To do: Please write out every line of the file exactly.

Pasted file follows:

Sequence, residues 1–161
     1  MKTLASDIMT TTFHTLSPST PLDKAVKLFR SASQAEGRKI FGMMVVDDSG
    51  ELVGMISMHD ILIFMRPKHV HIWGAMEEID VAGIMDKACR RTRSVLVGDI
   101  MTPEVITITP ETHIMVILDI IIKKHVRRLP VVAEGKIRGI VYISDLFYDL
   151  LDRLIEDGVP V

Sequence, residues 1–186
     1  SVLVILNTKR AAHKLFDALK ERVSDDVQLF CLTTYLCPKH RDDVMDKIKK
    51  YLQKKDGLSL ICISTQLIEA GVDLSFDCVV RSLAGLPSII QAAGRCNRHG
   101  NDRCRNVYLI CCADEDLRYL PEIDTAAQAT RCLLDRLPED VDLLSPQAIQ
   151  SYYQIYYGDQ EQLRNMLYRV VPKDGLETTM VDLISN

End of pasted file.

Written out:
Sequence, residues 1–161
     1  MKTLASDIMT TTFHTLSPST PLDKAVKLFR SASQAEGRKI FGMMVVDDSG
    51  ELVGMISMHD ILIFMRPKHV HIWGAMEEID VAGIMDKACR RTRSVLVGDI
   101  MTPEVITITP ETHIMVILDI IIKKHVRRLP VVAEGKIRGI VYISDLFYDL
   151  LDRLIEDGVP V

Sequence, residues 1–186
     1  SVLVILNTKR AAHKLFDALK ERVSDDVQLF CLTTYLCPKH RDDVMDKIKK
    51  YLQKKDGLSL ICISTQLIEA GVDLSFDCVV RSLAGLPSII QAAGRCNRHG
   101  NDRCRNVYLI CCADEDLRYL PEIDTAAQAT RCLLDRLPED VDLLSPQAIQ
   151  SYYQIYYGDQ EQLRNMLYRV VPKDGLETTM VDLISN